foot,” provide an external cue by telling
the athlete to “focus on explosively
pushing the ground away,” or provide
a neutral cue by telling the athlete to
“complete the sprint as fast as you can.”
The instructions carry the same mes-
sage, but the internal cue calls attention
to the body (i.e., foot), the external cue
calls attention to the effects on the
environment (i.e., ground), whereas
the neutral cue does not focus attention
internally or externally (Figure). It
should be noted that analogy
instructions and cues allow individuals
to implicitly adopt movement profi-
ciency without being explicitly aware
of the body movements being per-
formed (1,14); thus, analogy instruc-
tions and cues may encourage an
external focus of attention by promot-
ing goal-relevant dimensions of the
task (25).
Focus of attention has wide spread
importance across strength and condi-
tioning, sports coaching, physical edu-
cation, and physical therapy. Over the
past 17 years, the evidence showing
the differential role of various atten-
tional foci has grown exponentially
(69). Using a ski-simulator task, Wulf
et al. (75) published the first experi-
ment describing the differential role
of an internal versus external focus of
attention. In that study, the internal
focus group was “instructed to exert
force on the outer foot” and the exter-
nal focus group was “instructed to exert
force on the outer wheels” of the ski-
simulator, whereas the control group
received no instruction (i.e., neutral
focus). This subtle difference in instruc-
tions resulted in superior performance
for the external compared with the
internal focus and control groups, with
no difference observed between the
internal focus and control groups.
More recently, Porter et al. (2015)
found that low-skilled sprinters com-
pleted a 20-m sprint significantly faster
when they were instructed to focus
externally “on driving forward as pow-
erfully as possible while clawing the
floor with your shoe as quickly as pos-
sible as you accelerate” compared with
focusing internally “on driving one leg
forward as powerfully as possible while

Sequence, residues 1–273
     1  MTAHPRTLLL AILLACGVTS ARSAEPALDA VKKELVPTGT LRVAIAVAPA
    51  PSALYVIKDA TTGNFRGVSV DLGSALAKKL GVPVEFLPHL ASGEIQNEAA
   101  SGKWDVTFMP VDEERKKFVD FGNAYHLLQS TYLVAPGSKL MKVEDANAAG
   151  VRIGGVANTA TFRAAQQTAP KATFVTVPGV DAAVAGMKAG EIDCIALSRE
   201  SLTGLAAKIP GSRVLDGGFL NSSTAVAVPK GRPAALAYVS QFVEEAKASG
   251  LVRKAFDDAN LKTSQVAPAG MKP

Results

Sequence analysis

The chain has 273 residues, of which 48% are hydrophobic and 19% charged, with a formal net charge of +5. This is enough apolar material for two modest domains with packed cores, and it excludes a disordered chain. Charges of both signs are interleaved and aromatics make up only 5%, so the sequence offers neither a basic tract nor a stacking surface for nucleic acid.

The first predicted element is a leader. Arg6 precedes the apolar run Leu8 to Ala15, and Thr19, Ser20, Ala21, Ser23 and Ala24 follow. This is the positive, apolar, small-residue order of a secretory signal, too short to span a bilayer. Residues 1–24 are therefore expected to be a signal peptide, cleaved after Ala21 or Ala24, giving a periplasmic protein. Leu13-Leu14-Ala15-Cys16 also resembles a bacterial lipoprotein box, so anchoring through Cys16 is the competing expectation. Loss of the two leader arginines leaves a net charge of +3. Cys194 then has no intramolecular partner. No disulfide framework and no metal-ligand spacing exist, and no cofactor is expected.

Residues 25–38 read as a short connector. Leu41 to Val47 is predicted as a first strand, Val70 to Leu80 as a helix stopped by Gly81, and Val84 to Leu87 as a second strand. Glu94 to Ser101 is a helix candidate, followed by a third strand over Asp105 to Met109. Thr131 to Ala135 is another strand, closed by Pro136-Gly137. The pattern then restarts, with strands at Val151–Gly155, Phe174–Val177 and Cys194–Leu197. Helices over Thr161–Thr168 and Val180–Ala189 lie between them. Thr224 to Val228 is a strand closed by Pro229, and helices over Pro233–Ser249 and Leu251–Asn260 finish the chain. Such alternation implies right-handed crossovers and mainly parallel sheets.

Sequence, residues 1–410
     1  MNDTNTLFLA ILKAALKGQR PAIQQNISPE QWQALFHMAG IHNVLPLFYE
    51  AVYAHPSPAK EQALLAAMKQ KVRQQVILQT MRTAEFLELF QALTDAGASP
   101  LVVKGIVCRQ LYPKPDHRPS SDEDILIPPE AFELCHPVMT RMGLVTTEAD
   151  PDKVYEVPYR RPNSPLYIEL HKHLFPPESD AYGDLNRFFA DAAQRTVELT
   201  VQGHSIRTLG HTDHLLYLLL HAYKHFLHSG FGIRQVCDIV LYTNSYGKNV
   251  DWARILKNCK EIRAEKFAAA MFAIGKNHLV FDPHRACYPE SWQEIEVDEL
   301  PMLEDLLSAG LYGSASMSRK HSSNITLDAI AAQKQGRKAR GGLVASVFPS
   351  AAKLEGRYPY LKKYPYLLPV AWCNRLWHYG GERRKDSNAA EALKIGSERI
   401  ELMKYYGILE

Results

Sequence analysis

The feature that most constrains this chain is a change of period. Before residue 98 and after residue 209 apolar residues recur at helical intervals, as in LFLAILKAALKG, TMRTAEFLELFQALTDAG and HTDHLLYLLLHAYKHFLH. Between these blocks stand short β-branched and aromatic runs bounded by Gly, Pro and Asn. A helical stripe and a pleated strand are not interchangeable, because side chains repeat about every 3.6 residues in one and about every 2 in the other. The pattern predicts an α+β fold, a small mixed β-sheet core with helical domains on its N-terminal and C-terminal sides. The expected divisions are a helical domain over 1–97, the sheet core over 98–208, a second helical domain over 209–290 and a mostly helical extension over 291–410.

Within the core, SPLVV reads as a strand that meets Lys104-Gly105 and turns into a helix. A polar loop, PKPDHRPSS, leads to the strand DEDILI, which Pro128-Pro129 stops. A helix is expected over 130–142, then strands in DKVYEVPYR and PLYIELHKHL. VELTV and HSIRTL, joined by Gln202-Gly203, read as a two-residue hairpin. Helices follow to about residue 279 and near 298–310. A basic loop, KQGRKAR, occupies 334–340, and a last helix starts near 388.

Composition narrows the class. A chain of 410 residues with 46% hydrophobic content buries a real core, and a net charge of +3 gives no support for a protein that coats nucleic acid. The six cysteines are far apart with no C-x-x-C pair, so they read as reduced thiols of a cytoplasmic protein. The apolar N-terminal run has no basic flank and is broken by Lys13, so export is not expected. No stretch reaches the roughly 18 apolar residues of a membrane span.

moving your other leg and foot down
and back as quickly as possible as you
accelerate” and neutrally within a control
condition where they focused on “run-
ning the 20-m dash as quickly as possi-
ble.” Collectively, a large amount of
evidence has extended early findings in
the laboratory to a diversity of popula-
tions and environments that are relevant
to the strength and conditioning coach.
Specifically, there is now evidence sup-
porting the use of an external focus of
attention across balance and postural
control (10,37,59,76,78), plyometric
tasks (5,31,46,47,49,67,71,72,79), sprint-
ing (18,52), agility (48), various strength
qualities (34,35,63), and a multitude of
sport specific skills (3,70,73,74,77,80).
The effects of attentional focus on sport
performance can be explained through
the constrained action hypothesis
(CAH), which states that directing
attention externally allows the motor
control system to operate under non-
conscious automatic processes by
which movement occurs reflexively
(20,52), leading to superior performance
outcomes (29). According to the CAH,
when attention is directed internally,
the motor control system operates
under consciously controlled processes
Figure. Internal versus external instructions applied to sprinting.
Instructions and Cues for Sprint Performance
VOLUME 38 | NUMBER 1 | FEBR UARY 2016
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(i.e., explicit monitoring), potentially
invoking working memory (45), which
constrains the motor system, leading to
less reflexive and fluent movement pat-
terns and poorer performance out-
comes compared with an external
focus of attention (6,20).
Keeping in mind the research findings
regarding attentional focus and perfor-
mance measures, it seems that using
verbal instructions and cues to alter
an individual’s focus of attention has
a meaningful impact on motor perfor-
mance. The impact that verbal instruc-
tions and cues have on performance
directly relates to how the coach or
sport scientist implements the instruc-
tions and cues to the individual, thus
affecting one’s attentional focus. How
the individual consequently focuses
their attention can then have an imme-
diate impact on skill performance, in
this case on sprint performance.
Despite such potential for improving
performance, the literature regarding
coaching tactics for sprinting has re-
vealed that coaches may not be regu-
larly providing the most beneficial type
of coaching instructions, cues, and
feedback to athletes to enhance sport
skills. For example, during the 2009
USA Track & Field National Cham-
pionships, a number of athletes from
various events, including the sprints,
were surveyed and asked what type
of verbal instructions, cues, and feed-
back their coaches provide to them
during training and competition (51).
The results of the study by Porter
et al. (51) revealed that 84.6% of the
athletes reported that their coaches
gave instructions, cues, and feedback
related to body movements (i.e., inter-
nal focus of attention). Consequently,
69.2% of the track and field athletes
reported that they adopt an internal
attentional focus when participating
in track and field competitions. This
finding is consistent with the conclu-
sions reported by Williams and Ford
(66), which stated that it is not typical
for coaches to apply suggestions made
by researchers. Possible reasons for
a disconnect between what sports sci-
ence research has found to be effective
and the methods adopted by coaches
may be the result of multiple factors,
including research being too theoreti-
cal or impractical, research using tasks
that are unrelated to sport perfor-
mance, and the possibility that coaches
are not aware of relevant research